During a covert mission, China launched a reusable Long March 2F launch vehicle at the Jiuquan Satellite Launch Center. Know all the details here.
A few days ago, an uncontrolled Chinese rocket debris made headlines with its unpredictable crash back to Earth! Fortunately, the remains of the Chinese space booster burned up after its entry into the atmosphere, and the rest is said to have crashed into the Indian Ocean. Now, shortly after this tragic incident, China launched a classified reusable vehicle on a mysterious mission into orbit on August 4. Gobi desert. It would be the 18th launch mission of the Long March 2F launch vehicle.
The test spacecraft will be in orbit for a period of time before returning to its planned landing site in China, during which verification of reusable and in-orbit service technology will be conducted as planned to provide technical support for the peaceful use of the space,” Xinhua stated on its website.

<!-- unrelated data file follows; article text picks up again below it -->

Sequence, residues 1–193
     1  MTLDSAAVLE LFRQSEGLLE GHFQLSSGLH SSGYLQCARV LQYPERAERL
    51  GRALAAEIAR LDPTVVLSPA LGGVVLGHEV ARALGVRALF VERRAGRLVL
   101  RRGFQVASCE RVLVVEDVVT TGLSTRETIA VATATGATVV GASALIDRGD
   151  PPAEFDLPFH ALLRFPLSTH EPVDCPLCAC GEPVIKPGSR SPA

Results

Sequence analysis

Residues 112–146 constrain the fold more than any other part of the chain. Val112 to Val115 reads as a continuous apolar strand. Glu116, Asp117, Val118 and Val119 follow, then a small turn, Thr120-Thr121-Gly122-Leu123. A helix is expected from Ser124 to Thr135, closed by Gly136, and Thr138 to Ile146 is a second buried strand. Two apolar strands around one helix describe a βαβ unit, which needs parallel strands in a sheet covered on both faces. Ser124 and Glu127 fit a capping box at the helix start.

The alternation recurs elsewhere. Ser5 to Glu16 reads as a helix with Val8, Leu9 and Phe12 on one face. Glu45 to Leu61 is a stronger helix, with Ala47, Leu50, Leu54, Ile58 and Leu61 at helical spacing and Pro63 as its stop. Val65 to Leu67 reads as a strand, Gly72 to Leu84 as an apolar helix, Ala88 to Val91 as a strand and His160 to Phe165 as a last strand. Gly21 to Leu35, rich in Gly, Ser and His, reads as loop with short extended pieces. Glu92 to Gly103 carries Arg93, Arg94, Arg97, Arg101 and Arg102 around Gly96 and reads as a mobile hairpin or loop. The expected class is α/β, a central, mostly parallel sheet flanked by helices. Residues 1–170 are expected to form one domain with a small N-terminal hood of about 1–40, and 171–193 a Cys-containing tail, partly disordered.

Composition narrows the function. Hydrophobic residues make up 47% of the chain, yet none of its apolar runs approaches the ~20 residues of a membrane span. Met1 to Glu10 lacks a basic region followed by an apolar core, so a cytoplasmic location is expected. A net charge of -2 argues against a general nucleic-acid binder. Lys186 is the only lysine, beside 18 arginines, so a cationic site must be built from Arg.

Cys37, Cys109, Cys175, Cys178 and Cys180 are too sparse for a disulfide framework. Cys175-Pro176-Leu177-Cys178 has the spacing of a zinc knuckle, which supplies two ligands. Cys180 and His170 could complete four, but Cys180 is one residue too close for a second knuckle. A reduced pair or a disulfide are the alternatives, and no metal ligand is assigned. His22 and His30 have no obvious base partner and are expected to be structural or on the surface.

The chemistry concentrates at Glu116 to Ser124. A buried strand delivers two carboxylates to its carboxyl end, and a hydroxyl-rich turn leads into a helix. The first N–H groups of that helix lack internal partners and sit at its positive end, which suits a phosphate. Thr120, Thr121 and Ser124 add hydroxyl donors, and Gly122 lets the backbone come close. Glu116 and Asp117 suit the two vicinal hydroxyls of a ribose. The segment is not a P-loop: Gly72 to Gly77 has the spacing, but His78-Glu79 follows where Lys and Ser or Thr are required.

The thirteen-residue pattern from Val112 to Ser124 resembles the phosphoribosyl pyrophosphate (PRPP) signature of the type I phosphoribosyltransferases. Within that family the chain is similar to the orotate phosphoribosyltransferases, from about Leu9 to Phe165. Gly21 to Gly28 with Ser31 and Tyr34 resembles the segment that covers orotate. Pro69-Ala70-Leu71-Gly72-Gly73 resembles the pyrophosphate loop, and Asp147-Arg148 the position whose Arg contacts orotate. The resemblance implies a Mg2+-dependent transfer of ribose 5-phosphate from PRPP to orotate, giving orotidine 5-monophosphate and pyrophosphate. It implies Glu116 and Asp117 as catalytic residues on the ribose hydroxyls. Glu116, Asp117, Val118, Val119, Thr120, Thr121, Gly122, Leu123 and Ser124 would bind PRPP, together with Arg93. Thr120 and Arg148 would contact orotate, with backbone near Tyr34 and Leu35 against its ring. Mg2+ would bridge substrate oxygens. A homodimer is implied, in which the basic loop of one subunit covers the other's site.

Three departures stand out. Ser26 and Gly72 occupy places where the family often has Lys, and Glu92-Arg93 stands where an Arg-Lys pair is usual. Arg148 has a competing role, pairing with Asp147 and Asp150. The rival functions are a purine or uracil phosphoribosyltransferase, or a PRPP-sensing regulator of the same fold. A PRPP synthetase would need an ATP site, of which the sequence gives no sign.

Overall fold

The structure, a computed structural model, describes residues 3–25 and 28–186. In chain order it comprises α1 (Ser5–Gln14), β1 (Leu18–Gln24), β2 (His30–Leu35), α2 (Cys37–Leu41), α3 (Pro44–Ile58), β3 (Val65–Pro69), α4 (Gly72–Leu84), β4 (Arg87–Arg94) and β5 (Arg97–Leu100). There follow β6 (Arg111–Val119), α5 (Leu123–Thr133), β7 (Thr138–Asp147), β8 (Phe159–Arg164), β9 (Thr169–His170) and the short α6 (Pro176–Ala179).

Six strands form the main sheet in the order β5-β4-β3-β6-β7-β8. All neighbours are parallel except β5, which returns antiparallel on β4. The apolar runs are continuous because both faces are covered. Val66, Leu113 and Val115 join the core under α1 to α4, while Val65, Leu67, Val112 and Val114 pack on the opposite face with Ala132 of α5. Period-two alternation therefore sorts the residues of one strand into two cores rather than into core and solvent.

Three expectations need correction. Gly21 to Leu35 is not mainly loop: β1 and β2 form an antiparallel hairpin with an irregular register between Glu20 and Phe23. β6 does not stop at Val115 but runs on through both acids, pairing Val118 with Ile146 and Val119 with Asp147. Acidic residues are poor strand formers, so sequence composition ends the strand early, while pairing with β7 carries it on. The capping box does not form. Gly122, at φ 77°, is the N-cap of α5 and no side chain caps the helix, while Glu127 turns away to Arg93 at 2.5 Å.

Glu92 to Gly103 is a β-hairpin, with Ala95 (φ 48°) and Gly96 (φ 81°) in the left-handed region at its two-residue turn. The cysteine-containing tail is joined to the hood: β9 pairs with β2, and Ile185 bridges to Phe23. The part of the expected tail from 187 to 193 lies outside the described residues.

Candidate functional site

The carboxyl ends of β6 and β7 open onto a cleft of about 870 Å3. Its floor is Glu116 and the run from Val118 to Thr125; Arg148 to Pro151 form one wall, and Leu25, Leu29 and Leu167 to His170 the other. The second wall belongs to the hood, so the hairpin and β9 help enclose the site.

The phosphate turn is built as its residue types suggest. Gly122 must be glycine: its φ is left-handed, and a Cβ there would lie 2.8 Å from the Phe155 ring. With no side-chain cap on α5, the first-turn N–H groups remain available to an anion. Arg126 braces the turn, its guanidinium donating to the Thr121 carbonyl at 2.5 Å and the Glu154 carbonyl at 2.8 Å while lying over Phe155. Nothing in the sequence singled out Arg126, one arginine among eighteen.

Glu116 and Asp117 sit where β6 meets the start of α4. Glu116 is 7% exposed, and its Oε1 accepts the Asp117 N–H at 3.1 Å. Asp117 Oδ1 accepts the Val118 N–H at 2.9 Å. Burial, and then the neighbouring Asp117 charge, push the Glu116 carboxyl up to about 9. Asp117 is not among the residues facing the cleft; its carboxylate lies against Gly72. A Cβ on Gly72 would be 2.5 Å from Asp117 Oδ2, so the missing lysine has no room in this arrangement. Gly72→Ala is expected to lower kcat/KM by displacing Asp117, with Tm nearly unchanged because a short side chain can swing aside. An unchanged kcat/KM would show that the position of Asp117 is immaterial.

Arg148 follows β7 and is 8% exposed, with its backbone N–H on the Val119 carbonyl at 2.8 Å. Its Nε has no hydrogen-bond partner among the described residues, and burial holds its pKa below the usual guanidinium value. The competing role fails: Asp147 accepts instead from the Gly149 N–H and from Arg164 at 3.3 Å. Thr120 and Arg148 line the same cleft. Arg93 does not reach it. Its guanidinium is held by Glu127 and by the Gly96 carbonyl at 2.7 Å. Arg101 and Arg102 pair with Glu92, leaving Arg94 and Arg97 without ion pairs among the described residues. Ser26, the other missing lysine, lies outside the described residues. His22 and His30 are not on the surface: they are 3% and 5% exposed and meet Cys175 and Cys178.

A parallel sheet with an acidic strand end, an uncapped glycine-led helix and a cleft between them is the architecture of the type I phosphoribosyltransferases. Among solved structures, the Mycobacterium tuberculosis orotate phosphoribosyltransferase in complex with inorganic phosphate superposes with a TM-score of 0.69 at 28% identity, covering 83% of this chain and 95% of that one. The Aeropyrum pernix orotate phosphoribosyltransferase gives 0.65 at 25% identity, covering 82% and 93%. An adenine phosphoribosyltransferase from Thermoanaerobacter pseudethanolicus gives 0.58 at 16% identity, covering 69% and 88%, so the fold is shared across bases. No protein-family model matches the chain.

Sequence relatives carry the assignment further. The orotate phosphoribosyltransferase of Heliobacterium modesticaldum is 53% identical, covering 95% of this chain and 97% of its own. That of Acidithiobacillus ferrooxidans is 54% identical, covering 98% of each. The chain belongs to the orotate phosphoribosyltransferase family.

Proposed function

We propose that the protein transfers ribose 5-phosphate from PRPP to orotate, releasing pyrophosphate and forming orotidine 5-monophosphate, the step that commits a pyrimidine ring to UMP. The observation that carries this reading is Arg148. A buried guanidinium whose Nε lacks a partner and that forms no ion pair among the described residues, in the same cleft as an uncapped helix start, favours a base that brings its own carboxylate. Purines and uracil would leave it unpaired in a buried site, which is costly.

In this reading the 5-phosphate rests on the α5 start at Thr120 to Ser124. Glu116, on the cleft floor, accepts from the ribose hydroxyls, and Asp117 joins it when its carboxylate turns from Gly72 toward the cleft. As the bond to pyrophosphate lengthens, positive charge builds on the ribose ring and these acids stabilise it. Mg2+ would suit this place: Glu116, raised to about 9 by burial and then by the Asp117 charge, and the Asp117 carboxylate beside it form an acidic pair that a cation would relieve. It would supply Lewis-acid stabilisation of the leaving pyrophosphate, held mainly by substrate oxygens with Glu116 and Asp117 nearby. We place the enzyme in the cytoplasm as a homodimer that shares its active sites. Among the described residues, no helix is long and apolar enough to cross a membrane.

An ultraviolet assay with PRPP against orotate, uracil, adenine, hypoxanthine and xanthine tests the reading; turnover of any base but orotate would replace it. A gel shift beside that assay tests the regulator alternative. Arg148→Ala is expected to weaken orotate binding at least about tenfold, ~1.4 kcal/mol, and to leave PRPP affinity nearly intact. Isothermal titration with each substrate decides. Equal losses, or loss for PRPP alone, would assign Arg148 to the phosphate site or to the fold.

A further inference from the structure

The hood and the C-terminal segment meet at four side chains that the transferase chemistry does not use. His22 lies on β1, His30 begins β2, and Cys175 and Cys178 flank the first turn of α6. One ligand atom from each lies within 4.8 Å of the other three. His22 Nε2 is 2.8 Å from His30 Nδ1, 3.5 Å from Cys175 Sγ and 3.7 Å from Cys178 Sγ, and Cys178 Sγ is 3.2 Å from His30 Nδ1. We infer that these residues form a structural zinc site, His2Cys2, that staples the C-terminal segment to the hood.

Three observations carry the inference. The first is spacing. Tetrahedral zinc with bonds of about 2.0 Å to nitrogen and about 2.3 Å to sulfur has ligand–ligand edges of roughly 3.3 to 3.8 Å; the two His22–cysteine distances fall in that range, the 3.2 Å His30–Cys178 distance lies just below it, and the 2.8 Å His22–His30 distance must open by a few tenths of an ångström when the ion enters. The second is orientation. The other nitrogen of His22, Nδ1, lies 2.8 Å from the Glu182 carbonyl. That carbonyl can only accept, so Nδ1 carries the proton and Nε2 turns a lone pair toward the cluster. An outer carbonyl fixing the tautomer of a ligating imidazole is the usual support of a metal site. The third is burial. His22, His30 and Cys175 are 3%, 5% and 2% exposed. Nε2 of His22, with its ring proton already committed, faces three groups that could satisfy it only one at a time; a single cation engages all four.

China kept the latest spacecraft launch secret
That’s all Xinhua has updated about the mysterious launch of China’s spacecraft. A SpaceNews report stated that China’s mysterious spacecraft is believed to be a robotic spaceplane the same size as the US Space Force’s X-37B, based on Long March 2F’s payload capacity. However, this is not the first time China has launched a reusable spacecraft. Earlier, in September 2020, China had launched its reusable test spacecraft at a similar secretive event.
A space.com report compares China’s latest mysterious mission to the X-37B spacecraft, which has been orbiting Earth for more than 800 days. The launch was part of an extremely busy day in spaceflight as there were six rocket launches, starting with a Rocket Lab spy satellite launch for the US National Reconnaissance Office to a United Launch Alliance Atlas V launching a missile warning satellite for the US National Reconnaissance Office. space travel. Power. In addition, Blue Origin sent six people into suborbital space, China launched another TECIS 1 Earth observation satellite, and South Korea’s Danuri lunar probe.